In true blue style, last week saw Aus-born, London-based designer Bianca Batson reveal her SS20 collection – with a barbie set-up and a slab of cold ones on hand.
Titled Aussie Barbie, the collection was a direct nod to Bianca’s native Australia. Blending quotes from playful 80s tourism ads (starring Crocodile Dundee‘s Paul Hogan) with the designer’s unique hand-poured and hand-moulded latex technique, swimsuits and corsets were given new form including crocodile textures in homage to childhood hero, Steve Irwin.
Breaking down her SS20 offering, Bianca talks us through the Aussie inspirations and unique design techniques behind the collection.
On paying homage to Australia…
“I’ve always found the questions people ask about Australia quite funny, like, “Do you have Kangaroos in your backyard?” I thought it would be interesting to explore the very stereotypical aspects of Australian culture in a tongue-in-cheek way.
It sometimes feels like I’m looking at it from an outsider’s perspective, even though I lived there for the first twenty years of my life. I feel as if I’ve been away long enough now to truly appreciate the uniqueness of the language and traditions, and have a good laugh.”
On the inspirations behind the collection…
“The collection is inspired by quintessential Australian tourism culture. There are these iconic Tourism Australia ads that Mojo advertising did in the 80s with Paul Hogan (Crocodile Dundee) that I’m obsessed with. They are so playful and really capture the personality of Australians.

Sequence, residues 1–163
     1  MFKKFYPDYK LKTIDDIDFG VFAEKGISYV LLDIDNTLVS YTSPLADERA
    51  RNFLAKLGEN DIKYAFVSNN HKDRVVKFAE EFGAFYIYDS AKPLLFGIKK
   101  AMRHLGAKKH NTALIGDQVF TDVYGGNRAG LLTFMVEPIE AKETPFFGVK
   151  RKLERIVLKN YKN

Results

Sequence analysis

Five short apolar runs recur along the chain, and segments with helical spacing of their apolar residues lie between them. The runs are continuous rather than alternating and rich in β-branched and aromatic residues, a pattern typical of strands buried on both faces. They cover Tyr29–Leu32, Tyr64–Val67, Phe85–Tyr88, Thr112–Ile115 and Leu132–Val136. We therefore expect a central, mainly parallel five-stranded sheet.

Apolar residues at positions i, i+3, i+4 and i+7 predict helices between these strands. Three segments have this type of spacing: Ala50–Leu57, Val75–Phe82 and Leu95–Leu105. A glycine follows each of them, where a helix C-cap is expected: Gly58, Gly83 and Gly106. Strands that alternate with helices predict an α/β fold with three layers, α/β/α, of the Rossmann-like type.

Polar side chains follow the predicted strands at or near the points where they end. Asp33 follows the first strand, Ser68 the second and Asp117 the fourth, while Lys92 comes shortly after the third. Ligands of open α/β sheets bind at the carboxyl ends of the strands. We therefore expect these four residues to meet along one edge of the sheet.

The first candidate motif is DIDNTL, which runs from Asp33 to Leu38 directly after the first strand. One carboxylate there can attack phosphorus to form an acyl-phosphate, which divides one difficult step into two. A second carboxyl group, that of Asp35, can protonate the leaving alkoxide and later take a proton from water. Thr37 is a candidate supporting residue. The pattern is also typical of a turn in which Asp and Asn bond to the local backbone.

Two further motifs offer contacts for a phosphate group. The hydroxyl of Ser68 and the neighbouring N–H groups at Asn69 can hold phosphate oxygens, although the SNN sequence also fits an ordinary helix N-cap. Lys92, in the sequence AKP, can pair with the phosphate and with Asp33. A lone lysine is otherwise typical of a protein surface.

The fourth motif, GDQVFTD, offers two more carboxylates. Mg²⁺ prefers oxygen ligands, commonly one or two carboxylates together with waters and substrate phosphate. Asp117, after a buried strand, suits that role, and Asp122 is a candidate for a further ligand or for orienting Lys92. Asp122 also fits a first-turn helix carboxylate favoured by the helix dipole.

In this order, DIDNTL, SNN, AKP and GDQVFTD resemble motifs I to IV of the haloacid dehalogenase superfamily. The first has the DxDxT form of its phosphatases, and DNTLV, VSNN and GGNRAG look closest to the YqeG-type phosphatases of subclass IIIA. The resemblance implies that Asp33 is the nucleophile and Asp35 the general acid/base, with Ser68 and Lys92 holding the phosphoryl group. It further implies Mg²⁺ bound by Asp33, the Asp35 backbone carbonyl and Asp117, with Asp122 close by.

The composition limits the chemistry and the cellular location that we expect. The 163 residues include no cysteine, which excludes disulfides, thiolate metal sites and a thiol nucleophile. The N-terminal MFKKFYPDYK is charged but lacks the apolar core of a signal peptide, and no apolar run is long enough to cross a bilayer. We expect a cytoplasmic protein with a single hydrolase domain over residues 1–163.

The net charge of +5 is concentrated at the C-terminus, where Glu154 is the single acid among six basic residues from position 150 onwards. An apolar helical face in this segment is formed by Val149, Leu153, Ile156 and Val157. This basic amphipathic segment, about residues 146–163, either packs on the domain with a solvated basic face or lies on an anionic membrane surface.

There’s a shot in one of the ads where Paul Hogan says something about throwing another shrimp on the Barbie, probably the most infamous line associated with Australians. We actually call them prawns, but dialogue was changed so that American audiences wouldn’t get confused.
Although my accent has diluted, I still use quite a bit of Aussie slang that I just can’t seem to shake. I decided to base all the graphics on this, which resulted in the grim reaper at the Barbie, and the Virgin Mary on the beach in a bikini reading ‘How to Speak Australian.’
I then wanted to find a way to incorporate the inspiration into the actual latex, so I started experimenting with pouring my own sheeting and shapes. Crikey (an expression for Christ) became a hand-poured crucifix.”
On the techniques used in the collection…
“The swimsuits and corset tops were moulded from liquid latex to create a seamless finish around the bust area. This was super important as I wanted the pieces to look as if they were made from regular stretch swimwear upon first glance.
I also hand-moulded all of the chain, crosses and lace from liquid latex using 3D printed moulds. It’s a lengthy process as it takes about 24 hours for the latex to fully cure, but you end up with some really interesting textures. I was excited to explore this new technique, especially with the chain. I worked a lot with metal chain in my last collection and it was just so heavy and not commercially viable! I’ve created a lot of latex accessories that will be available online soon.
The crocodile latex, used in the suiting and dresses is probably my favourite. It’s an homage to childhood hero, Steve Irwin and is created with a bunch of moulds and then poured in sheets.”
“It sometimes feels like I’m looking at it from an outsider’s perspective, even though I lived there for the first twenty years of my life. “
What Bianca misses most about Australia…
“The food is incredible, it’s either super simple or just really fresh! Lamingtons and seafood plus Byron Bay!”
Follow Bianca’s work here.